Tuesday, May 28, 2013
Wednesday, May 22, 2013
This Poison Ivy leaf has just filled out and by the way the raindrops are rolling off its surface, it also has the oil present that causes us humans problems.
An oil on the surface of all parts of this plant is what many people are allergic to, and contact with the oil causes the familiar skin irritation. It also causes these water drops to just roll off the leaf.
Poison Ivy's irritant is also anaphylactic to us humans, which means you can touch it every day for 20 years and have no reaction and then touch it another day and have a severe reaction.
So here it is. Each leaf stem has three
leaf-lets. Which is where the rhyme comes from..."leaves of three...leave it be."
Poison Ivy is technically a shrub, and in more southern areas it grows taller and also grows as a large hairy vine covering the trunks of tall trees.
As a boy I learned to avoid climbing those trees, unless there was something very interesting in the top of the tree.
Monday, May 20, 2013
She had a large scaley broodpatch, so she has a nest somewhere in Springbrook.
These vireos will be nesting at Springbrook very soon.
The yellow around and above the eye is very distinctive and identifies this sparrow.
The crest seems to be raised and lowered constantly depending on the bird's mood at the moment.
Here it is raised and down below it is lowered.
This is a male, and the females are very brown and camouflaged. They will be setting up nest sites in Springbrook in the next few weeks.
The band can be seen on the right leg of this Indigo Bunting, as it is about to be released.
This was a rare chance to see these little warblers up close as well as high up in the trees.
This Magnolia Warbler was one of several we caught, banded, and released.
It has only taken nature about a week to catch up now that the long winter has finally let go. There seemed to be lots of insects in the trees where these warblers were feeding
Banding these transient visitors is time consuming since each bird needs data recorded and complicated identification keys are needed to assure accuracy of ID, age and sex.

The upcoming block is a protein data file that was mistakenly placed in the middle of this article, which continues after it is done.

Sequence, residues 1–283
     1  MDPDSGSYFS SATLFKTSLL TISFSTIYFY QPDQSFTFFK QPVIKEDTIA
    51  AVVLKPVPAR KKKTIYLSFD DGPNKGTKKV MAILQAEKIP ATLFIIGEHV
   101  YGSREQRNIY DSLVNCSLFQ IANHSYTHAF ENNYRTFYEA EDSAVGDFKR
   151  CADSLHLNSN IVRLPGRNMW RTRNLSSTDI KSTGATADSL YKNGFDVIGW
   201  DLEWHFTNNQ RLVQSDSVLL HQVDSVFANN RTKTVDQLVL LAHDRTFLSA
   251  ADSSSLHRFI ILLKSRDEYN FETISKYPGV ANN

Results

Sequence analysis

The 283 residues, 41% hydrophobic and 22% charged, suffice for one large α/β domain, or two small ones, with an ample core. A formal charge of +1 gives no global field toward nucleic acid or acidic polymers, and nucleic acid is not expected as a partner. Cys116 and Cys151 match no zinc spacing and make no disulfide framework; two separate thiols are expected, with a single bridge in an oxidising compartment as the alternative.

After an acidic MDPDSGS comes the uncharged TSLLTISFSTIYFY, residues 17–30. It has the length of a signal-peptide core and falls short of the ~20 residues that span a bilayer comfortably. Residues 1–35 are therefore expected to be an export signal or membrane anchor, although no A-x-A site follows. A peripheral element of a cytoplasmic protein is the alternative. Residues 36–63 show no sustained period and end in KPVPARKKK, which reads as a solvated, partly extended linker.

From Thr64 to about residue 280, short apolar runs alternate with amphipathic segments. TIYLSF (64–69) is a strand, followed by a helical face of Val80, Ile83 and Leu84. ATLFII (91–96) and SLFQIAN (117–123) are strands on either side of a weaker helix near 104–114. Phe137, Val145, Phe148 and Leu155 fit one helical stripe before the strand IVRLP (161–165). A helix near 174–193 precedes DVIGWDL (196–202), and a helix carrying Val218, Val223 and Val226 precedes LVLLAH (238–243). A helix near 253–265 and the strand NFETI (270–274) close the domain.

It is always a great pleasure to see the warblers return in the spring from their winters in Central and South America.
They will only be here for a few days so I plan on seeing as many as possible before they have continued their migration north.
For a few, like this Red Start, their journey may be finished, since some will nest right here in Springbrook.
Tuesday, May 7, 2013
Compare this picture with the previous post where the leaf is wrapped tightly around the unopened flower.
In the picture below some of the leaves still look a bit tentative, but not the flowers. They know bright warm sun when they see it and feel it. The third picture shows them pointed right at the sun, soaking up all the warmth.
Prairie Smoke flowers have only a small opening for pollinators, forcing them to crawl inside for the nector waiting as in the picture below.
The flower will eventually open up as the seeds extend out in a few weeks giving it the "smoky" look that it's name comes from.
Monday, May 6, 2013
A beak longer than its head is an identifyer for this bird, as well as the very white eye ring.
We caught about 95 birds yesterday, many were migrating warblers and other migrants, including the sandpiper.
We caught several migrating White Throated Sparrows, but one we didn't catch was caught by the Barred Owl, who made a quick breakfast of it, swallowing it whole as can be seen below. Yum!
Friday, May 3, 2013
This unusual May snowstorm is the reason this early spring wildflower is protected in this way.
The more adventurous flower below was ready to open but stayed closed as the snow flakes built up on its petals.
I think the Bloodroot and the rest of us are all ready for more normal spring weather!